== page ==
Today I was thinking back over my several years of racing and I was thinking about one of the years I raced the US100K just outside Atlanta, GA.
Here we were rolling along on a fairly hilly course, most of us running a 54 up front ‘Just in case’ we got near the frantic downhill sprint – all the while because the real Pro’s were in town we were going around this course that we didn’t need the 39 up front. Rollin’ it!
I was thinking back to a year that the whole Saturn team was there, they were laughing it up. Talking to each other across the whole pack, even though they were fairly spread out in the group.
I remember one year when I was laughing it up with a buddy of mine. Asking him “does this group do this ride very often?”, “want some of my banana?”. I mean here we were, tucked into the draft doing about 30, and I’m making jokes.
I got thinking about how years before then, how focused I would be on rides. I wouldn’t even talk to anyone because “I was training”. I wasn’t worried about getting dropped, I was worried about who was ‘up the road’, I was worried about where I should attack!
Yet, years later, I guess I started to realize that even if I got dropped, or even if I didn’t ‘make that break’, it wasn’t the end of my cycling. Maybe I even started to realize that I was near the top of my fitness level – unless someone was going to suddenly start paying me or I started to dope – neither of which was going to happen!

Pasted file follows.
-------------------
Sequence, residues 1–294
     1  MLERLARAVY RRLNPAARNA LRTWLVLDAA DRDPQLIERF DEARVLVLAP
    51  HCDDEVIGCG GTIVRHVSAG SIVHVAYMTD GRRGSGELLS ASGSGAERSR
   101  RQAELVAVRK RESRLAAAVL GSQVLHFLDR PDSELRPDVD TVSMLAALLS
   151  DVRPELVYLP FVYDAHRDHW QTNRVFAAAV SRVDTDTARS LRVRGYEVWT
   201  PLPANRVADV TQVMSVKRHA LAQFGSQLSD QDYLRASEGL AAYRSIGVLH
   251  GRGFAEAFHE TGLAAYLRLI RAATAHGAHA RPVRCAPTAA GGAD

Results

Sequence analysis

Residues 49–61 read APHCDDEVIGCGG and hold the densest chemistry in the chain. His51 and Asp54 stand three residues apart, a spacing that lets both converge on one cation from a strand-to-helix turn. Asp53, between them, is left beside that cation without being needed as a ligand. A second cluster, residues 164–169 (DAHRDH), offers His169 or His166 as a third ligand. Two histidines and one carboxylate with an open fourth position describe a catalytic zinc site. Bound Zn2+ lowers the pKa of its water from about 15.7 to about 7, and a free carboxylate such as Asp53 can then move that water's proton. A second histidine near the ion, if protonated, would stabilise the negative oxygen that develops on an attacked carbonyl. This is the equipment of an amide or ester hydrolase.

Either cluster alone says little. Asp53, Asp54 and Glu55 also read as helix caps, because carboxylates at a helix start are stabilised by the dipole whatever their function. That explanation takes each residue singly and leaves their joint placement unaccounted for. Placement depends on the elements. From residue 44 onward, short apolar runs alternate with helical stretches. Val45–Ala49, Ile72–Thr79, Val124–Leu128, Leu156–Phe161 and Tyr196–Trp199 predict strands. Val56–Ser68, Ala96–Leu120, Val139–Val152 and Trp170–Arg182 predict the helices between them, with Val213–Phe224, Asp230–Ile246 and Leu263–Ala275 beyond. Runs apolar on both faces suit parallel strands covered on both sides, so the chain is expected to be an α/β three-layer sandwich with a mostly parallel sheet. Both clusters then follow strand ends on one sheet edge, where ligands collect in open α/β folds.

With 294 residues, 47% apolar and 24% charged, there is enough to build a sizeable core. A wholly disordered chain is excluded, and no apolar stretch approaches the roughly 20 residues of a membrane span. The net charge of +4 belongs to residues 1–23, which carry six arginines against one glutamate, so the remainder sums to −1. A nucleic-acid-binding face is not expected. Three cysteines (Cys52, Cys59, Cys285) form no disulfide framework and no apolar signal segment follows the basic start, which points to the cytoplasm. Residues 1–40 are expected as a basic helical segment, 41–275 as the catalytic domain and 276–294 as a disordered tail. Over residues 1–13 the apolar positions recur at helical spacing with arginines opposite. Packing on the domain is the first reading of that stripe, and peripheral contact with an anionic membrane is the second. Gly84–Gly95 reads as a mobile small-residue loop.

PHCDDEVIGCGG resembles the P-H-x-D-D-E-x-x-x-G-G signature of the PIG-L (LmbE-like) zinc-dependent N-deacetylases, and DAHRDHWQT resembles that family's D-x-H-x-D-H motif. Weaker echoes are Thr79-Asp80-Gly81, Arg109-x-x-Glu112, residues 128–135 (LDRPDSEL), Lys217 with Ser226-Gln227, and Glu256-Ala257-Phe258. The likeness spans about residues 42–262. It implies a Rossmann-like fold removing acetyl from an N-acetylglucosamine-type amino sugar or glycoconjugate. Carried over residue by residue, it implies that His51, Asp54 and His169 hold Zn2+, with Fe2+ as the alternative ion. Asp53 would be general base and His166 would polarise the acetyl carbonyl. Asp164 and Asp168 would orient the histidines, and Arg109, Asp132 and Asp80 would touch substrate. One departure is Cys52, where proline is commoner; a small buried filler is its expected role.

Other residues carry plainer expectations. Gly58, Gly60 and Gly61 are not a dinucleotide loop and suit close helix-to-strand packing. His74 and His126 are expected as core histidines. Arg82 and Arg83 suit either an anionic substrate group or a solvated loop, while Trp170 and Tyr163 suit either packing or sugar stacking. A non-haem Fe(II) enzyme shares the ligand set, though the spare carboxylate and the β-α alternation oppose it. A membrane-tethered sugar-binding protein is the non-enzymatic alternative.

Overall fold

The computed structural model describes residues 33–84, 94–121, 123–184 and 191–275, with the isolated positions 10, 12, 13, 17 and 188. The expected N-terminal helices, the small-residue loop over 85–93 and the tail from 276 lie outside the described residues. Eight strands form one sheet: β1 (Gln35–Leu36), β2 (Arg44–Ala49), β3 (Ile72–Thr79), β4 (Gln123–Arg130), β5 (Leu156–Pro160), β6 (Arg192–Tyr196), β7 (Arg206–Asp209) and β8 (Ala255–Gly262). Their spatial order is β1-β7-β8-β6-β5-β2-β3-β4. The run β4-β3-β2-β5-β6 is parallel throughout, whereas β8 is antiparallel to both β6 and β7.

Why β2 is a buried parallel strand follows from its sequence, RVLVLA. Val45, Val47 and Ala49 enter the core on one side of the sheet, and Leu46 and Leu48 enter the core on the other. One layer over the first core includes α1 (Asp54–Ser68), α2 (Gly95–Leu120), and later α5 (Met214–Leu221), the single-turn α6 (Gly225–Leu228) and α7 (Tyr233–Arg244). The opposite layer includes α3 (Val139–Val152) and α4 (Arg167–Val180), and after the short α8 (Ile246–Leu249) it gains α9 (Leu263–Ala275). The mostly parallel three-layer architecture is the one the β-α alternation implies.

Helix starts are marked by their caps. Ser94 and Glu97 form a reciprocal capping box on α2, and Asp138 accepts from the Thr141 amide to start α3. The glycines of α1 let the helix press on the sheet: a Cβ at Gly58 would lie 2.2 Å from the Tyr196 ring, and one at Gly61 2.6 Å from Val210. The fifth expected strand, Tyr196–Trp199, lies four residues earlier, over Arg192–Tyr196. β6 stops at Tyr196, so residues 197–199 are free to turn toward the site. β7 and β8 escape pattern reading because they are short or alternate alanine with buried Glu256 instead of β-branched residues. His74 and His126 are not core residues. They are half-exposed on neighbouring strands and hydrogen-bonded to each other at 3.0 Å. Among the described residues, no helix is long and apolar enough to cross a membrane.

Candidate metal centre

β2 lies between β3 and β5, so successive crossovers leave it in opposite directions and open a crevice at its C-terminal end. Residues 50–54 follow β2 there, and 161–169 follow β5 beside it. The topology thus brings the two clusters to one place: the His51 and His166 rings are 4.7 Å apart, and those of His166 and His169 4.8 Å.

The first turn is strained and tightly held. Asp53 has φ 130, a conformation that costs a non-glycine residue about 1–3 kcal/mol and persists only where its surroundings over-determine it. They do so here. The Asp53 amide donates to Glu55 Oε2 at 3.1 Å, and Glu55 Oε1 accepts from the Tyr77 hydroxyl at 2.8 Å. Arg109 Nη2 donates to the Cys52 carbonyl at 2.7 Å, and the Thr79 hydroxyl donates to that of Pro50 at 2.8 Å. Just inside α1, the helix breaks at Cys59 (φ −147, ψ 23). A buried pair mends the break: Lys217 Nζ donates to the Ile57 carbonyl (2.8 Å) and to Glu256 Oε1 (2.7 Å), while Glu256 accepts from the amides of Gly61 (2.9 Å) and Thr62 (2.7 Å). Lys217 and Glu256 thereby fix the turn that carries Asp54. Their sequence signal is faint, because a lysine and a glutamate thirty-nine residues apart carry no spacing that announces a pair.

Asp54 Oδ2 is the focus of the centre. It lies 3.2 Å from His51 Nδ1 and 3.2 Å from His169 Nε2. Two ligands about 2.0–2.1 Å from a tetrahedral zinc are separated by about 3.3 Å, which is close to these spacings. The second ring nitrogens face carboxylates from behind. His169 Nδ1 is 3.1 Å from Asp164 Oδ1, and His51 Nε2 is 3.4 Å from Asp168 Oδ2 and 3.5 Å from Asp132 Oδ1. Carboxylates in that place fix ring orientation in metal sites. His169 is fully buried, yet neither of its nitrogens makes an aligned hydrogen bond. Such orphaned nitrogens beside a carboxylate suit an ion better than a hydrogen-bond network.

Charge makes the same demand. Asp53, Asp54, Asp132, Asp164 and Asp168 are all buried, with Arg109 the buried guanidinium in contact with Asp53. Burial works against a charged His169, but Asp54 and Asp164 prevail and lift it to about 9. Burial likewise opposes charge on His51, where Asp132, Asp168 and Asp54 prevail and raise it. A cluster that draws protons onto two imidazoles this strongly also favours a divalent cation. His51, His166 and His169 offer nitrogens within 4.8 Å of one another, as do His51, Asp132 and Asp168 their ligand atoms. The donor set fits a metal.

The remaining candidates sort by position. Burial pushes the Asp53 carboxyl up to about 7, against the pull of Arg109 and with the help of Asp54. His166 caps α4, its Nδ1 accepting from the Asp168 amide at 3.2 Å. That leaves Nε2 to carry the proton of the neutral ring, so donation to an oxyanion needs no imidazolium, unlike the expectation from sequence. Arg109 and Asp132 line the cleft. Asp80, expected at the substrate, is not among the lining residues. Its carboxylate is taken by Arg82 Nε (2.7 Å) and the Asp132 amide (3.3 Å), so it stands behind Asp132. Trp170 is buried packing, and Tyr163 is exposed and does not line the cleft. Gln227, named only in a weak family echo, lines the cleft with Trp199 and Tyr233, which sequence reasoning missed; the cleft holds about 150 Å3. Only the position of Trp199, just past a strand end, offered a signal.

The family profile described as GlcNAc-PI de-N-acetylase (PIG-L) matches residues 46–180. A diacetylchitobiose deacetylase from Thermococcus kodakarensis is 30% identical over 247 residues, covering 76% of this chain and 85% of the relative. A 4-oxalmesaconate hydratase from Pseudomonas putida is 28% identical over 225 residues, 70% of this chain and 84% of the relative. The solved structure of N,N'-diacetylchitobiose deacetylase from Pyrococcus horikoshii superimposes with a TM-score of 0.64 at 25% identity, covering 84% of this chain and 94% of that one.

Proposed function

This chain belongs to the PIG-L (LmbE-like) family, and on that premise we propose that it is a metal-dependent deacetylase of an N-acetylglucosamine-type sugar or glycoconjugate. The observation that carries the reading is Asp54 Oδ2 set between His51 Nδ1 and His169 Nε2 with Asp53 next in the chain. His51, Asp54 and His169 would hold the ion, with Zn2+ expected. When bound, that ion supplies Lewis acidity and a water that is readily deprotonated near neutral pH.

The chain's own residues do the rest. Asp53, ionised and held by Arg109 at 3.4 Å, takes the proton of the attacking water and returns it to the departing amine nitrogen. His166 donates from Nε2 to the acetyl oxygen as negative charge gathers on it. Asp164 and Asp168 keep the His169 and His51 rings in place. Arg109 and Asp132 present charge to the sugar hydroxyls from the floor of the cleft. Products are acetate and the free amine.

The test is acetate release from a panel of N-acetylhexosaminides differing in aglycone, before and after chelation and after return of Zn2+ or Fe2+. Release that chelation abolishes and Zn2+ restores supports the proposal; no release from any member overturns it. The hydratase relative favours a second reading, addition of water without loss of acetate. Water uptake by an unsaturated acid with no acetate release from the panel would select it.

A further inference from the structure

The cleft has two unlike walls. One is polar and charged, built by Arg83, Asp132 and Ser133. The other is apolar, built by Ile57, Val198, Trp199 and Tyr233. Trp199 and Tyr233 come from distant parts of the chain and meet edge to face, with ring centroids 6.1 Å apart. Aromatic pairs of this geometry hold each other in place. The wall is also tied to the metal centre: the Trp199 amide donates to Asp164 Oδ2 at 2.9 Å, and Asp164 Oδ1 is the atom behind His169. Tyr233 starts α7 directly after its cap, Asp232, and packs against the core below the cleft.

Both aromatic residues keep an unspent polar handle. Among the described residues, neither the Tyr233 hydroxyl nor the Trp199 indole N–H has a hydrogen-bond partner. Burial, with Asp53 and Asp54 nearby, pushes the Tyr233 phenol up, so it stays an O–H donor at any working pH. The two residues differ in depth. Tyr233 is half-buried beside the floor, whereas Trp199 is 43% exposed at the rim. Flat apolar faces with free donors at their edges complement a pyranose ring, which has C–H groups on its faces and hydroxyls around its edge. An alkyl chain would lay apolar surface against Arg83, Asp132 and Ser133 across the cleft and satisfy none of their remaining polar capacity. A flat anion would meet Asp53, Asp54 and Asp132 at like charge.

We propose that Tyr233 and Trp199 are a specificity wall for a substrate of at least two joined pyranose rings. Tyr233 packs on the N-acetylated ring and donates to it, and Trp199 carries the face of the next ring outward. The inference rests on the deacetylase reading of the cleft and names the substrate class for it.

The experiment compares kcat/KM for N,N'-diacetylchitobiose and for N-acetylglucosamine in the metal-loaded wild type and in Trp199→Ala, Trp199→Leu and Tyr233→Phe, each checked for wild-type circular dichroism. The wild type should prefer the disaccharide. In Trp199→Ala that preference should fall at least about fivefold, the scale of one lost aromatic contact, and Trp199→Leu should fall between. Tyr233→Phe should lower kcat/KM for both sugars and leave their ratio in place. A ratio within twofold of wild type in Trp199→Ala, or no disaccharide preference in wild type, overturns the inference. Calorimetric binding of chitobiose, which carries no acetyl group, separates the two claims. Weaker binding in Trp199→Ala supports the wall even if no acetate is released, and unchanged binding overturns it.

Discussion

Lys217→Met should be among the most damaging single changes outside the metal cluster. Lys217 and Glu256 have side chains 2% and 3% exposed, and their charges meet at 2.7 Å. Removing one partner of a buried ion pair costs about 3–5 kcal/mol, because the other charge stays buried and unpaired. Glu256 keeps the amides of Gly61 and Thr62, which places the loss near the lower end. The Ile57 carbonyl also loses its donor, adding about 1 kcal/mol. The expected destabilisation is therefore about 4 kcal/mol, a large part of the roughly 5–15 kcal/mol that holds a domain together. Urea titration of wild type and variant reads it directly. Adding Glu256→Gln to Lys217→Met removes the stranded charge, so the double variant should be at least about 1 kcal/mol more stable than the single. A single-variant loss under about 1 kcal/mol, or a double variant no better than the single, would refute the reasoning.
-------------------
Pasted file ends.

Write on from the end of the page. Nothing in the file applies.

One of the things that always stuck out in my mind was how you could do 1 group ride a week, and chat with one person each time – and pick up the conversation, right where you left off last time. Bumping into friends (literally) from out of state that you haven’t seen all Winter.
I guess that realization started to lower the stress and the pressure that I had been putting on myself. I started to enjoy my fitness level, and enjoying my friends in the field. Those were some of the best years of racing that I had. It wasn’t the races, it wasn’t the miles and miles of training, it was the people that were around you while you are doing those things that in the end impact your memories the most.
A win is great, but mutual cycling friends is greater.
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posted on December 12th, 2011 in Cycling by Stephen